VitaDAO – Crypto meets Longevity Symposium

One of my colleagues is involved with VitaDAO, and based on what I have seen from them it seems like a cool project. Since I have not been involved with any anti-aging communities for a while, I decided to write a bit about one of their upcoming events. As far as I can tell, VitaDAO is like a neat web 3.0 version of longecity, that tries to combine longevity research with crypto, crowd-funding, discord and other techy stuff that is appealing to young people (which is kind of in line with my vision for modern biogerontology). So far I am not sure, however, if the crypto-tech aspect is madness or genius, but only time will tell.

VitaDAO – Crypto meets Longevity Symposium
Date: Wednesday 13th of April starting 4pm CET
Duration: 6-7 hours
Meetup link

The organizers aim to "to educate the Crypto field on Longevity, and the Longevity Biotech sector on Blockchain technology", while I aim to break my eternal writer's block. The biology aspect, for sure, is solid and worth writing about. The symposium will cover conference staples such as senolytics, small molecules, fasting-mimicking diets, and the eternally hot, controversial topic of parabiosis ("young blood"), recently joined by another controversial upstart reprogramming. I will explain why these topics matter and add some of my current thoughts about the state of the art.

Senescence and senolytics
As it has become clear, most species accumulate so-called senescent cells when they grow older. These cells are arrested in a half-dysfunctional state, secreting harmful cytokines and other molecules that promote inflammation or might just generally contribute to entropic noise. This has earned them the endearing name "zombie cells" and removal of such cells in mouse models is one of the more robust healthspan promoting interventions, with some impact on lifespan as well. If you want to delve into this in a bit more detail, quite a bit more detail, in fact, I have written about senescence on this blog before.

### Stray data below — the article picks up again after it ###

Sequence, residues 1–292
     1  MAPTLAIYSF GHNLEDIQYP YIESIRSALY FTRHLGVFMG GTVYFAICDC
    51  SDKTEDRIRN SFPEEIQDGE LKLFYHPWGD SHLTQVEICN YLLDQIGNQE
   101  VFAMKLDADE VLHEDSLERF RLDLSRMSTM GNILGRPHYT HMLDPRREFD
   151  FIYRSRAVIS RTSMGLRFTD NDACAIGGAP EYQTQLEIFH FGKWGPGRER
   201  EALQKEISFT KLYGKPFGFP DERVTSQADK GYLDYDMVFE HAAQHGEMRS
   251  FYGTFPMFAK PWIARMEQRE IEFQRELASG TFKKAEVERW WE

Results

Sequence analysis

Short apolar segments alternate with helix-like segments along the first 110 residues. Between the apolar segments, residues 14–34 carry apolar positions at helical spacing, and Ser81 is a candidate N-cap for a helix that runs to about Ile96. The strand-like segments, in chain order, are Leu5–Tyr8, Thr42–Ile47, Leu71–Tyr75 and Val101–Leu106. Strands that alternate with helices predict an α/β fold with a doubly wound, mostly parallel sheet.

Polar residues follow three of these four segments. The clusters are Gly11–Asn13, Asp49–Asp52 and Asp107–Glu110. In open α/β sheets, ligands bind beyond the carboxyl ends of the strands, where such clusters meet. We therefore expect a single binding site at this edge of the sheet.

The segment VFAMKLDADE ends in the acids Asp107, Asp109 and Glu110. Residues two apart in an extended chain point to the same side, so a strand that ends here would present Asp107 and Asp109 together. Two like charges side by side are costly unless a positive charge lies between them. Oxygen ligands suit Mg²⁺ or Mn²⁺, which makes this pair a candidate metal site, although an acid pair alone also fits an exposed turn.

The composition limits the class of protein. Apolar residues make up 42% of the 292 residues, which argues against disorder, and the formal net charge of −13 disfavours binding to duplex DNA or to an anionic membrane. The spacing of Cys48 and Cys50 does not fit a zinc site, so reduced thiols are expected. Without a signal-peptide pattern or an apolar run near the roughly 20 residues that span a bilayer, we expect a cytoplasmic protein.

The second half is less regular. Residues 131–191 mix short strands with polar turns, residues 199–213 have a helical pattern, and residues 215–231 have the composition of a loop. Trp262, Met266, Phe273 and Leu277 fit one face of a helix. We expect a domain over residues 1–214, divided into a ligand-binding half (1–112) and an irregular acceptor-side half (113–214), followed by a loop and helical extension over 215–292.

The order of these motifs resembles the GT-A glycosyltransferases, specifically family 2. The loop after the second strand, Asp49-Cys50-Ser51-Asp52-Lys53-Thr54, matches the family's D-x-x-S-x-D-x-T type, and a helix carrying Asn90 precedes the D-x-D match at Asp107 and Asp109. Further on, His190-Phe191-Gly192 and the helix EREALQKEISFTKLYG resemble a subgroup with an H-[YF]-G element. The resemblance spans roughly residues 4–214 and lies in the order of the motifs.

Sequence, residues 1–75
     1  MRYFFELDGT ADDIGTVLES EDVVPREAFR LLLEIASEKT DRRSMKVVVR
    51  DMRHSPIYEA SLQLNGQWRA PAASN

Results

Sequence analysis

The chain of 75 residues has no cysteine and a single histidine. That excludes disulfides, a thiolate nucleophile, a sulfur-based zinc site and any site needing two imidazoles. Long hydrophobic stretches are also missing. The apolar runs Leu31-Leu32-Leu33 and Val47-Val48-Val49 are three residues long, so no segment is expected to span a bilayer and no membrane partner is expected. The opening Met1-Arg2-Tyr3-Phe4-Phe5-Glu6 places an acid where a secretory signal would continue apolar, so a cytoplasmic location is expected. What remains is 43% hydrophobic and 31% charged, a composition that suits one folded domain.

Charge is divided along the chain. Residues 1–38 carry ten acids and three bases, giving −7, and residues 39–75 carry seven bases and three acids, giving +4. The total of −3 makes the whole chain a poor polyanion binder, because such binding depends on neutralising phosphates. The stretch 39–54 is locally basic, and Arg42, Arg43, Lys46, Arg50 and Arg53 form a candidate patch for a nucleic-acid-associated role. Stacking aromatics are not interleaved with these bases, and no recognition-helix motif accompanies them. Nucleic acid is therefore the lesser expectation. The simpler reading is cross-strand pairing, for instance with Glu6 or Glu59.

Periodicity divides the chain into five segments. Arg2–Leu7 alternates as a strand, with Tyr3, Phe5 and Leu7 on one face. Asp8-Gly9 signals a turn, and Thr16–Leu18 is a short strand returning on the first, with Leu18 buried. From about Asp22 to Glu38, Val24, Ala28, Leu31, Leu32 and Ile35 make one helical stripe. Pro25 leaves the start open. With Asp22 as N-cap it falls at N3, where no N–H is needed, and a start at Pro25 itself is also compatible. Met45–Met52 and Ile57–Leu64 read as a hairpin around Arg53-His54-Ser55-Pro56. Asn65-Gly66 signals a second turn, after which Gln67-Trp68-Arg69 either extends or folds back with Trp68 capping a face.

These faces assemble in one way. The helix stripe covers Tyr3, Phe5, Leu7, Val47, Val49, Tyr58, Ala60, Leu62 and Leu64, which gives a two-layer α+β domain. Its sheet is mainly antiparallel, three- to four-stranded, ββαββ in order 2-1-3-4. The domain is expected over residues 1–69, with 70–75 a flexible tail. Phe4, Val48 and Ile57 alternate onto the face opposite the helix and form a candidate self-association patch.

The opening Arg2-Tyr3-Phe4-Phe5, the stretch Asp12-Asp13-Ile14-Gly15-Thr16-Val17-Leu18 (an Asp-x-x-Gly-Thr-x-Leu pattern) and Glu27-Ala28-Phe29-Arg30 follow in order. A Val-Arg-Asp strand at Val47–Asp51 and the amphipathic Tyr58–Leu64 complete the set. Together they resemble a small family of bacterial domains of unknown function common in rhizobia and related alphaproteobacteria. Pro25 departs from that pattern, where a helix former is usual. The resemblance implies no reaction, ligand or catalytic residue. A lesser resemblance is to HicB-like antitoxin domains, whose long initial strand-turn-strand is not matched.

Here, I would like to comment on the clinical potential of senolytics and translational pitfalls. It appears that aging researchers and biotech/pharma companies are still trapped in 20th-century-thinking always looking for the "age-related disease most likely to benefit from senolytics". While this kind of study design may be a necessary evil, it is somewhat inconsistent with modern biogerontology. If senescence played a moderate role in dozens of age-related diseases, it would be very difficult to detect changes in disease-specific outcomes in a typical small phase II study. In fact, we need something like the TAME trial or a TAME pilot for senolytics, i.e. a study that focuses on composite outcomes.

Fasting-mimicking diets
The cornerstone of 20th century biogerontology is the finding by Clive McCay that caloric restriction extends the lifespan of white rats (1). In fact, almost every modern intervention (or mutation) that extends lifespan in mice is related to caloric restriction. It is anti-anabolism all the way down, as I have argued. Most anti-aging interventions slow proliferation, growth, maturation or anabolic processes. While this is a useful paradigm, we are definitely trapped and need to escape from doing just this one thing. First of all, we need radically different treatments to significantly delay aging. Aubrey de Grey was never wrong on that account. Second, anti-anabolism carries certain risks, like increasing frailty in the elderly.